Kolochava – Ukrainian Shambala

“Kolochava is a unique village in Transcarpathia, situated in the picturesque Tereblia valley. Beautiful mountain scenery, clean air, mineral water, and the hospitality of local residents will make your stay pleasant and unforgettable. In addition, Kolochava is a village of ten museums, so you have the opportunity to get an aesthetic delight from staying in this truly magical Ukrainian village. Welcome to the hospitable land called Kolochava!” This information I got in some advertising booklet given to me by one of my friends.

This was the beginning of my acquaintance with the miraculous village. The tour of Transcarpathia, in my head, represented regional cities and a couple of castles in the region. What was my surprise when I saw the list of villages where we plan to stay!

After a week of traveling, returning home along the Kyiv – Chop highway, I thought a lot about it. About Kolochava…

The length from one end of the village to the other is 15 km. And this is with all the fabulous fields and vegetable gardens, snaky streams and picturesque pastures.

The history teacher, the only historian in the only local school, told me the story about it while walking through the village. Do you think I ordered a tour from him? No. He came to the hotel after seeing our car drive down the main street and park in the parking lot. I met him in the same parking lot.

“Good afternoon, are you visiting us?”

“Good afternoon. Yes.”

“Are you going to take a walk? I will tell you about Kolochava.”

The village consists of five ‘priselkovs’ or neighborhoods: Lazy, Hump, Bracelets, Biscuit, Mereshor. Through the village flow two rivers – Tereblya and its tributary Kalachowki.

The famous Czech writer Ivan Olbracht, who is loved by the villagers very much, wrote about Kolochava – “so long that it is not surprising if an inexperienced traveler, walking along the valley, past the houses … then past meadows and vegetable gardens, then again past houses, he begins to feel, depending on his character, either rage or stupid submission; for after a time, and after two, and after three passers-by answer him again and again that he is in Kolochava, in Kolochava-Bradolce, in Kolochava-Hump, in Kolochava-Lazakh.”

There are many legends about the origin of the name of the village. The most popular of them tells that the banks of the river that flows through the village were once very swampy. So when the first settlers moved forward, the water was collected in bast shoes and gave out specific sounds: “chomp-chomp”. That’s why the river was named Chawka. When the first residents were asked where they live, they were told: “Chomping Circle”. Over time, the name of the river was transformed into Kolochavki, and the picturesque village that it washed was called Kolochava.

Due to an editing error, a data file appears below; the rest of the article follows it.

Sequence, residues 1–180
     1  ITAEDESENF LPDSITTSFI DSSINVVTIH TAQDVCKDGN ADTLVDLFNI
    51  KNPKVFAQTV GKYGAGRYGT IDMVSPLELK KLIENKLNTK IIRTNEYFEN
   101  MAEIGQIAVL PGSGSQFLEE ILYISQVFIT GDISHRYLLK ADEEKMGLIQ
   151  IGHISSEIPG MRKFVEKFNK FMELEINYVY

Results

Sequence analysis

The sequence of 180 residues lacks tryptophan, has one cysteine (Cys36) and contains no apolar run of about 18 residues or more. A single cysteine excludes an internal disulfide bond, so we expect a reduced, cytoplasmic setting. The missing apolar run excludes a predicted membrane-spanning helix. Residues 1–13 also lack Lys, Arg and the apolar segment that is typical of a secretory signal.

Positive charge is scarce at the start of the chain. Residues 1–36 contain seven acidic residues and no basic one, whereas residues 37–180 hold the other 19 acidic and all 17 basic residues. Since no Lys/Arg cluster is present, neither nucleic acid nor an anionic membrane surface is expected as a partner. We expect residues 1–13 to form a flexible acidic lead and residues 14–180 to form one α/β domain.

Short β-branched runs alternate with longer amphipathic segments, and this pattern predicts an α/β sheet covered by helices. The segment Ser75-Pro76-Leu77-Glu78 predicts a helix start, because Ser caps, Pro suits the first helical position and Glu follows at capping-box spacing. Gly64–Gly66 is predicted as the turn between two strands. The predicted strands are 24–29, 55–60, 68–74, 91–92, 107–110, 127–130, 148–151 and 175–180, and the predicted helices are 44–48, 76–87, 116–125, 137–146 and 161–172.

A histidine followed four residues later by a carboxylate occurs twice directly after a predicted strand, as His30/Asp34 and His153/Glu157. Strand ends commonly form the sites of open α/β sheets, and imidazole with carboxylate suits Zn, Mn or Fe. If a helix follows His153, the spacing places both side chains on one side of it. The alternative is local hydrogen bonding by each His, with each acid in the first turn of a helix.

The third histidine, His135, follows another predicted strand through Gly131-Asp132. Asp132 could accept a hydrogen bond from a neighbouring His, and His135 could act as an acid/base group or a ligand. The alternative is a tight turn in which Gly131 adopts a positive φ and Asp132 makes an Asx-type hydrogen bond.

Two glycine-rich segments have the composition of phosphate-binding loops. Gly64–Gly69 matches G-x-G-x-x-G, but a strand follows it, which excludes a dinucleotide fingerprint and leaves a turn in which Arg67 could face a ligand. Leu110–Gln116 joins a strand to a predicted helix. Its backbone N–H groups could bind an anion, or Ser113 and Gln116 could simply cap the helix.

Probably, the first people on the territory of Kolochava appeared before our era, as evidenced by the Kolochava center. In the course of time, in the dense forests and deep valleys between the mountains, the fugitives found shelter and liberation from serfdom for a while. Each settler built a hut with small windows, a clay floor, and a thatched or wooden roof. Later, around them, sons, daughters, and relatives built their own houses; farms grew and turned into large settlements.

Although the nature around the village has long been developed by man, there are still many untouched forests with rich flora and fauna. The mountains are covered with spruce and beech forests. In the woodland, hazelnuts give birth generously, in the meadows and in the woods – blackberries and blueberries, cranberries and raspberries, gooseberry and strawberries. These gifts of nature can be enjoyed while hiking through the mountains, meadows, and valleys. Which we did.

The history teacher looked around as he trod paths along the mountainsides. Looking for something or someone. And he found it. We saw a large deer and a sly fox. It turns out that the forests that densely surround Kolochava are inhabited by noble deer, brown bear, ROE deer, wild boar, wolf, fox, hare, and many others. Open zoo!

I spent a little more than a day in Kolochava. I climbed the slopes and got lost in time. I splashed in a mountain stream and soaked my shoes in it. I ate fresh gifts from the mountains. I saw how the only history teacher lives in the only school. I went for a ride, just asking for a horse from one of the residents. I looked at the old church, built without a single nail.

Kolochava does not have the usual cafes, shops, and even a bus. But there are hospitable people ready to set the table for you at any time. There is a grandmother Zina who sells milk, cottage cheese, and cream cheese. There is quick-at-the-draw ‘cowboy’ Stefan who will give you a ride in his “carriage” to any point in the village, even if it is not on the way.

While climbing a mountain road, leaving Tereblia valley, I suddenly remembered. I didn’t throw a coin! We stopped at the top of the mountain. And my ‘doubloon’ flew from the top into the depths of the valley spread out before me. Yeah. I plan to return. I want to go back because I left a part of my soul there…

Getting into the car, I looked back…how fascinating you are… friendly…fairy tale… hidden from prying eyes… Kolochava! If there is Shambhala in Tibet, there is Kolochava in Ukraine.

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